castle Westhove

Zeeland, land of castles

Zeeland has castles from the Middle Ages, mainly in remains, but there’s a spanking new one too. Castles are conjurers in the minds of us all, young and old, right? If you stay very quiet, you might just hear the hooves of the horses rumbling across the drawbridge. Hark, the yells of hearty men! Knights and damsels move against the cold, spitting torches lighting the way. A castle takes you back in time, at least in your thoughts.

In the Middle Ages, there were a great many castles in Zeeland. Castle mounds too, often called ‘mottes’ from the French or ‘vliedbergen’. They were raised by the farming nobility, part defences, part status symbol. They wanted to stand tall and be counted, literally. Often a castle mound was built next to farm buildings. Today only three such castles are still standing, but of the 200-plus mounds, 38 remain. Most are on Walcheren and Zuid-Beveland

castle Westhove

Kasteel Westhove

In the Middle Ages, there were a great many castles in Zeeland. Castle mounds too, often called ‘mottes’ from the French or ‘vliedbergen’. They were raised by the farming nobility, part defences, part status symbol. They wanted to stand tall and be counted, literally. Often a castle mound was built next to farm buildings. Today only three such castles are still standing, but of the 200-plus mounds, 38 remain. Most are on Walcheren and Zuid-Beveland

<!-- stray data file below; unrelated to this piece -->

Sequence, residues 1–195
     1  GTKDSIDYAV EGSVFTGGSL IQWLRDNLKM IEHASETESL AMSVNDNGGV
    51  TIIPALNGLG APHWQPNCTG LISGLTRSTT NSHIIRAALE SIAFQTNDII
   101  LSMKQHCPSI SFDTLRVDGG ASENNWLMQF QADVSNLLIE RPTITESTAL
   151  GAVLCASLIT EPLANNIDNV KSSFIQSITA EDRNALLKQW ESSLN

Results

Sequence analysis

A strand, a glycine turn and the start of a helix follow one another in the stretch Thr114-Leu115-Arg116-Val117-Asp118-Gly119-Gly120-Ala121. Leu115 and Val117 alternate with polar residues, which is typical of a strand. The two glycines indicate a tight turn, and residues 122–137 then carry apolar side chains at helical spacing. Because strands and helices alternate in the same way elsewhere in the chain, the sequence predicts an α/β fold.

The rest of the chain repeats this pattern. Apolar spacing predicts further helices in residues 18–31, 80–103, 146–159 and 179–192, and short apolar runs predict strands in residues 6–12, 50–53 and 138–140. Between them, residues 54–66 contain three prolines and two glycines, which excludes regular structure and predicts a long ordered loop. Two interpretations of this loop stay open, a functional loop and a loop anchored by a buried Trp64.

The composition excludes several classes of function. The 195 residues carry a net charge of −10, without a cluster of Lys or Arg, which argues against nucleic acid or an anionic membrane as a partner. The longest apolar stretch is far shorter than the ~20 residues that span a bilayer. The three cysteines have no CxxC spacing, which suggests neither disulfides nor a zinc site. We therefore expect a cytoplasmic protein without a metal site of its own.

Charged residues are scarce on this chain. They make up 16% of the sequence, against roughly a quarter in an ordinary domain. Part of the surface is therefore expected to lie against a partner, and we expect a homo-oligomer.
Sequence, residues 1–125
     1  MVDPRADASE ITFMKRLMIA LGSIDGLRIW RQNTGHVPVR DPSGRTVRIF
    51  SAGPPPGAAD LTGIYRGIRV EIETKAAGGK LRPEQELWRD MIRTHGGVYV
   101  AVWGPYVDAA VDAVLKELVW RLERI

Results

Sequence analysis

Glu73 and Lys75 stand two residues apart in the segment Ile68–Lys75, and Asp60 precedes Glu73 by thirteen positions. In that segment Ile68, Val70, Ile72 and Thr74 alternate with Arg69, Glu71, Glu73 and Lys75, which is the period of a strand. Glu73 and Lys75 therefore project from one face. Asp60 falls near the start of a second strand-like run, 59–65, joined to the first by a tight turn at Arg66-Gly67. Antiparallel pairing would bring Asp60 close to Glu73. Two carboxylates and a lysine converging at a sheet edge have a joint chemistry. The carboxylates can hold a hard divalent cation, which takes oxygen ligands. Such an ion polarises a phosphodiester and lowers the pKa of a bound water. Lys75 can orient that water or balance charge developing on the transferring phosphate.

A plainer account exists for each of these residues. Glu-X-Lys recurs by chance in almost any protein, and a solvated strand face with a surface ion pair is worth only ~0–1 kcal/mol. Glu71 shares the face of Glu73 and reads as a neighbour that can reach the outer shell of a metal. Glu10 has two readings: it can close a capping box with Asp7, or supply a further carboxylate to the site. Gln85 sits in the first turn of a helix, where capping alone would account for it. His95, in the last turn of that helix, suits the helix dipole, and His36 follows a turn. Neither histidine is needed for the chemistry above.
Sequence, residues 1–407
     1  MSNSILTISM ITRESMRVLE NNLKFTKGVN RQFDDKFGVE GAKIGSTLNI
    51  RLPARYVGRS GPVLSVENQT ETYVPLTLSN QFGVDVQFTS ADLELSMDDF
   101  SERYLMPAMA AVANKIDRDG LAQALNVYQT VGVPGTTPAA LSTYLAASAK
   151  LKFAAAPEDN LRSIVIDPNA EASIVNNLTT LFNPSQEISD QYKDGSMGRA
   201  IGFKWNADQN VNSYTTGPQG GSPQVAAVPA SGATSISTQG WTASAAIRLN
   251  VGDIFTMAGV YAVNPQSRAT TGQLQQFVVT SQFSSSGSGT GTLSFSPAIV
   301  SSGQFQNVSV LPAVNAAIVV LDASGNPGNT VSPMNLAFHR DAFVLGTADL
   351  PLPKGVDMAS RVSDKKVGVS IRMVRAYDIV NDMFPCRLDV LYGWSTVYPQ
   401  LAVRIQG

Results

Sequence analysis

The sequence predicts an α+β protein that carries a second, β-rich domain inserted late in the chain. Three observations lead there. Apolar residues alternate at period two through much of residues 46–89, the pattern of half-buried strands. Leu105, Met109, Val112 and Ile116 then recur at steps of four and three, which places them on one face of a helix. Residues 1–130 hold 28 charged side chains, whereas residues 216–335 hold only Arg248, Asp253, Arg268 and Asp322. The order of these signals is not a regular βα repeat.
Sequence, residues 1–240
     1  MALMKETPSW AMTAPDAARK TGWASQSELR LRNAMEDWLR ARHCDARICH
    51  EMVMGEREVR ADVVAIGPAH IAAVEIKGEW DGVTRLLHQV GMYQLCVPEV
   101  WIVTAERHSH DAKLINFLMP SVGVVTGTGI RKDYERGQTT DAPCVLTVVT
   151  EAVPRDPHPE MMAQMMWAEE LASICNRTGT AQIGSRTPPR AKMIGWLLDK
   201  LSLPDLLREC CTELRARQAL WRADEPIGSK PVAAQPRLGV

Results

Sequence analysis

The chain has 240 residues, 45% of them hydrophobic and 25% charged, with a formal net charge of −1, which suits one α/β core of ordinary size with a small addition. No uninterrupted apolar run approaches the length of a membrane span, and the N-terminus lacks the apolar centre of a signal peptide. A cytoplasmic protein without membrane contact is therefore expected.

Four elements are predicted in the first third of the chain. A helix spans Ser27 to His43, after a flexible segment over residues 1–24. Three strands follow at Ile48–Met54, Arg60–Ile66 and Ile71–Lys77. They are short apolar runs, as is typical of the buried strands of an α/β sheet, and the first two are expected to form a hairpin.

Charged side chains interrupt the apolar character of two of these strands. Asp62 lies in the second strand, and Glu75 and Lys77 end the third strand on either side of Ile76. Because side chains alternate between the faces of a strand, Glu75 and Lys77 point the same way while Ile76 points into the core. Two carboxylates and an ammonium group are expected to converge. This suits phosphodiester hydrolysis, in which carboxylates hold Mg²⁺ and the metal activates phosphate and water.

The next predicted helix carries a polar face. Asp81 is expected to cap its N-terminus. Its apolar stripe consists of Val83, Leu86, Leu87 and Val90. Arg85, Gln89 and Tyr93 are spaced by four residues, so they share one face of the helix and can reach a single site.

Slot Haamstede

Another castle of a certain age – shall we just say around the 13th century? – is the Slot Haamstede, opposite the church in the centre of Haamstede village. The oldest part of the present remains date from then. The site, though, is older. Traces of Norman and even Roman occupants have been unearthed on the island. Since 1981, the property, and the adjoining estate of woodlands and dunes, have belonged to the Dutch society for the preservation of nature monuments, known as Natuurmonumenten. While the castle is normally closed to the public, it does open on the Open Monumentendag – dates vary per year. You can also visit the estate with a guide

Slot Moermond

In Renesse, Slot Moermond is another 13th century castle. With its broad driveway and an authentic moat, it looks remarkably like it used to in days of yore. It nestles like a peaceful giant in the Landgoed Moermond estate, a protected nature reserve. Twice destroyed in wartime, and twice rebuilt, it is a real hotchpotch of styles from various periods, which only adds to its charm. It is only available for closed functions such as parties, business meetings and weddings – it’s an official wedding venue. You can stay overnight in the Landgoed Hotel.

Munnikenhof

In the 13th century – busy times for castle builders – the abbots of the Norbertijner Abdij in Middelburg established the Munnikenhof castle in Grijpskerke (‘munnik’ is monk). For centuries it was their country retreat. In the 17th century it was acquired by the renowned Dutch poet and statesman Jacob Cats, who hailed from Brouwershaven. Nowadays, the property contains a mini-campsite, holiday homes and accommodation for groups.

Kasteel Baarland

According to prints made at the peak of its glory, Kasteel Baarland was one large castle complex, complete with moats, outbuildings, gardens and walls. In the 17th century, some round turrets were still intact. Today, just the simple coach house remains, with Dutch hip-roofs and a dormer. It is open for visits several times a year.

Arendsslot

Arendsslot

The latest castle on the block is Arendsslot in ’s Heer Arendskerke. Locals call it ‘Sraskerke’. With French flair and Italian elegance, the newbie domain is truly exceptional in the Netherlands. Visits must be booked. A 21st century construction, with solar panels discretely built in, it was completed in 2009. Oh, you must have been a beautiful baby, ‘cos, baby, just look at you now. Exquisite.

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